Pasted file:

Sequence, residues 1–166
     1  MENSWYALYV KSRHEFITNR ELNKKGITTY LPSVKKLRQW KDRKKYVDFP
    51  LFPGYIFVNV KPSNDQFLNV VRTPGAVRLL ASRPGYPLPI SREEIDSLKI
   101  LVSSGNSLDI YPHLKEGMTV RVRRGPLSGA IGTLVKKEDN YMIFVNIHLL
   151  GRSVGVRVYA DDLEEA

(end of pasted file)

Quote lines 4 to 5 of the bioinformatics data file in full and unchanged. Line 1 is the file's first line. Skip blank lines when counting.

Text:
   101  LVSSGNSLDI YPHLKEGMTV RVRRGPLSGA IGTLVKKEDN YMIFVNIHLL
   151  GRSVGVRVYA DDLEEA